In 1796, Mary Hays published The Memoirs of Emma Courtney, a transparently autobiographical account of her unconsummated passion for William Frend and her relationship with William Godwin. A couple of decades later, Godwin’s daughter, Mary Shelley wrote a similarly autobiographical novella called Mathilda which also featured a fictionalized Godwin figure. The appearance of the radical philosopher, hugely important to both these women writers personally and intellectually, is only the first of many similarities between the two works. Both The Memoirs of Emma Courtney and Mathilda feature passionate heroines and are narrated in the first-person by the title characters. Novel and novella alike examine female sexuality, women’s education and the position of women in contemporary society. Both Hays and Shelley offer a radical critique of the limited opportunities for women in the late eighteenth and early nineteenth century. Below is a quick introduction to both works.
The Memoirs of Emma Courtney
The Memoirs of Emma Courtney (1796) is an epistolary novel. The novel opens with the heroine addressing a young man named Augustus Harley. We soon discover that he is the son, and namesake, of the man Emma loves. Much of the book consists of passionate, unanswered love letters from Emma to the older Augustus Harley. Harley is, as I mentioned above, based on a Hays’s real life love, William Frend. In addition to the letters to Harley, the novel also contains several epistles from Emma to an older man, Mr. Francis, based on William Godwin. The letters are philosophical contemplations about the role of women in society. A friend of Mary Wollstoncraft, Hays was a radical and outspoken feminist. Contemporary critics were deeply scandalized by the novel’s treatment of female sexual passion and conservative publications, such as The Anti-Jacobin, labeled the novel revolutionary propaganda.
After Emma’s mother dies in childbirth, she is sent to live with a loving aunt and uncle. After neglecting her for most of her childhood, Emma’s father demands she visits him once a week. During these visits, her father tries to control her education and dictate her reading. One week, Emma meets Mr. Francis, who soon becomes her friend and mentor. After her father dies, she is sent to live with his brother’s family who treat her poorly. At her uncle’s house, Emma meets Mr. Montague. Montague is quickly infatuated but Emma is uninterested. Soon she meets a lady he lives close by called Mrs. Harley. She falls in love with her son, Augustus Harley. She writes letters to Augustus describing her love for him. He doesn’t really respond. She writes, and writes again. Eventually, she discovers that Augustus is already married and has children. After learning this, Emma agrees to marry Mr. Montague. She has daughter with him. Near the end of the novel, Harley has an accident and is brought to Emma’s house. She tenderly nurses him. Emma, to the shock of Montague’s close friend, is openly passionate towards Augustus. Montague discovers her inappropriate behavior. Some time later, Emma discovers Montague is having an affair with a maid and has impregnated her. Harley dies. In a fit of despair, Montague kills his illegitimate child and commits suicide. Emma adopts Harley’s son, also named Augustus, and devotes her life to him and her daughter with Montague.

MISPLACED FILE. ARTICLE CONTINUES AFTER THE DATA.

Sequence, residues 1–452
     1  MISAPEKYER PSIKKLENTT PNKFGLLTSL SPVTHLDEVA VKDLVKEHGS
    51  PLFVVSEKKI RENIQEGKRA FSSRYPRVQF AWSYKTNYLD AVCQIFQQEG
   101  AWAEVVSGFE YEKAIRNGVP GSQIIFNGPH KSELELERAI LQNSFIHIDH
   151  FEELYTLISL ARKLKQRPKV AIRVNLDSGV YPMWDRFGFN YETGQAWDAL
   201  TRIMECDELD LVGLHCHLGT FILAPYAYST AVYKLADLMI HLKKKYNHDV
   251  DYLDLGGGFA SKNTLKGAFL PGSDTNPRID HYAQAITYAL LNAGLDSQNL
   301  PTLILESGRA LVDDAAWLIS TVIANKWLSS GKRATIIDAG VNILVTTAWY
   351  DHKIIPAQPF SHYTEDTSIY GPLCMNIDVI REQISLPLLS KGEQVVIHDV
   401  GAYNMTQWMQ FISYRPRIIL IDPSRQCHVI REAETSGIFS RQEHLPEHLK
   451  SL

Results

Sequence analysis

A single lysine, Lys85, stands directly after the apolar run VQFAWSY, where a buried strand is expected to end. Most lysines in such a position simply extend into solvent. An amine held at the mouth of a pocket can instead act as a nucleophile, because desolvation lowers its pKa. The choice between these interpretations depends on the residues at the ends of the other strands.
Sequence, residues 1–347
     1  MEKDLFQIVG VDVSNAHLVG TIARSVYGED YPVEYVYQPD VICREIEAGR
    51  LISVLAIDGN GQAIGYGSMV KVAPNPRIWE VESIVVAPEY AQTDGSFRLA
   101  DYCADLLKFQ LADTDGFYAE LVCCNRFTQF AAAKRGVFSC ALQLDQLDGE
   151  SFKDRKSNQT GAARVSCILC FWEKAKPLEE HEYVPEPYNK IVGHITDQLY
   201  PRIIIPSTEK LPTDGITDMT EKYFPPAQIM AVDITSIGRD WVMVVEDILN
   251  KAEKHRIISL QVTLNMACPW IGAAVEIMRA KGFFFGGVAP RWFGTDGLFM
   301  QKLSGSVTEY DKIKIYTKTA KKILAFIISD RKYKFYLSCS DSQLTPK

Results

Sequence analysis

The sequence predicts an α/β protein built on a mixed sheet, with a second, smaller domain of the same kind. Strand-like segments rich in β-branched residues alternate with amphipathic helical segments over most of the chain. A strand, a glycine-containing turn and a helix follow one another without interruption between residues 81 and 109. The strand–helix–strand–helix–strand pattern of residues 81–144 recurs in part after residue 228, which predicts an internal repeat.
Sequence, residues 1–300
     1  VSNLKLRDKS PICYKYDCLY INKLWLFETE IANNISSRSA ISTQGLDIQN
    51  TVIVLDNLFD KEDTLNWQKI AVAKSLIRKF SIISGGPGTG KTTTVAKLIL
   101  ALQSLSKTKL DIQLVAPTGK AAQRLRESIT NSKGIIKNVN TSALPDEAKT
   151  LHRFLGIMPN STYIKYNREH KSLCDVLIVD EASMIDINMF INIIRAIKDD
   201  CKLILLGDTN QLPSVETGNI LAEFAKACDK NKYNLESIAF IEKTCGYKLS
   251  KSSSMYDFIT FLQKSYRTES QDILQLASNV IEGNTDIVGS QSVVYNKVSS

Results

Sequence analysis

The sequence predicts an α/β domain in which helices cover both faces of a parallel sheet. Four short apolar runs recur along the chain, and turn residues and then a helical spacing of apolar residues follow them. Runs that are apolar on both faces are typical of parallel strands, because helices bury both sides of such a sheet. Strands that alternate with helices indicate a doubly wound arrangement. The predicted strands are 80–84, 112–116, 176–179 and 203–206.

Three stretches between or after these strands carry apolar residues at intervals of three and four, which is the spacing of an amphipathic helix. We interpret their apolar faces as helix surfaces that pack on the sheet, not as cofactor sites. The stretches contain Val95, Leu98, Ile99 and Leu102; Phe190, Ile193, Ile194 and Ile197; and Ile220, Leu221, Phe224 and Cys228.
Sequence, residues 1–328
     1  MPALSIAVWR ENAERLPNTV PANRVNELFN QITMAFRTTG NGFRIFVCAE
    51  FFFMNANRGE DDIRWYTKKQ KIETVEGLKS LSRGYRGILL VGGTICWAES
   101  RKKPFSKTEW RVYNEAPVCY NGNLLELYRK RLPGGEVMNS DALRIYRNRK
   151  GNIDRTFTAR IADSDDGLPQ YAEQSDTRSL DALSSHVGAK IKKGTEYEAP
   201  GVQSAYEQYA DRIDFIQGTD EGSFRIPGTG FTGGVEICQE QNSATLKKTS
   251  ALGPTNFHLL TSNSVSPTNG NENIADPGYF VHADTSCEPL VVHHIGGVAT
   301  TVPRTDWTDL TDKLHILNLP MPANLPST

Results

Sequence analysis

Mathilda (or Matilda)
Mary Shelley wrote Mathilda between 1819 and 1820. Shelley, living in Italy, sent the work to her father in England for publication. However, Godwin, horrified by the incest theme, suppressed the story and refused to return the manuscript. Discovered by Elizabeth Nitchie, Mathilda was first published in 1959.
Mathilda begins with the title character about to die in a lone cottage. She begins to tell the story of her life in a manuscript addressed to a friend called Woodville. After Mathilda’s mother dies in childbirth, her father, destroyed by grief, quits England for continental Europe and leaves Mathilda under his sister’s care in Scotland. On her sixteenth birthday, Mathilda receives a letter from her father, now in London, saying he is on his way to see her. Reunited, Mathilda and her father live a blissful few weeks in each other’s company. When a young, attractive man comes to visit, Mathilda’s father’s behavior changes suddenly. He becomes restless, uneasy and cold. He leaves to Yorkshire and then soon invites Mathilda to join him. They spend several unhappy days together at Yorkshire until Mathilda confronts her father and demands he tells her what is wrong. After refusing at first, he finally relents and admits to loving her more than a father should. Mathilda is horrified. She runs away from him and shuts herself in her room. When she emerges, she finds her father has left and has written her a letter explaining his feelings and his recent behavior. Mathilda tries to catch up to her father. She follows him all the way to sea and then discovers he has committed suicide. Overcome with grief and shock, Mathilda falls ill. When she recovers, she decides to feign her death in order to escape society. Her plan succeeds. She begins life as a hermitess and spends two years in isolation, reading constantly. One day, she meets a poet called Woodville in the woods. He tells her his tragic story: a poor and brilliant poet, he fell in love with rich heiress called Elinor. Just before they were to be married, Elinor fell sick and died. Woodwille and Mathilda become friends. Mathilda never shares her story. Mathilda gets anxious and upset when Woodville doesn’t come to see her regularly. One day, Mathilda prepares laudanum and offers it to Woodville so they can both commit suicide together. Woodville refuses and tells Mathilda she must live. A little while later, Mathilda gets soaked in the rain and falls very ill. The story ends, as it started, with Mathilda on her deathbed composing her memoir.
- Tara K. Menon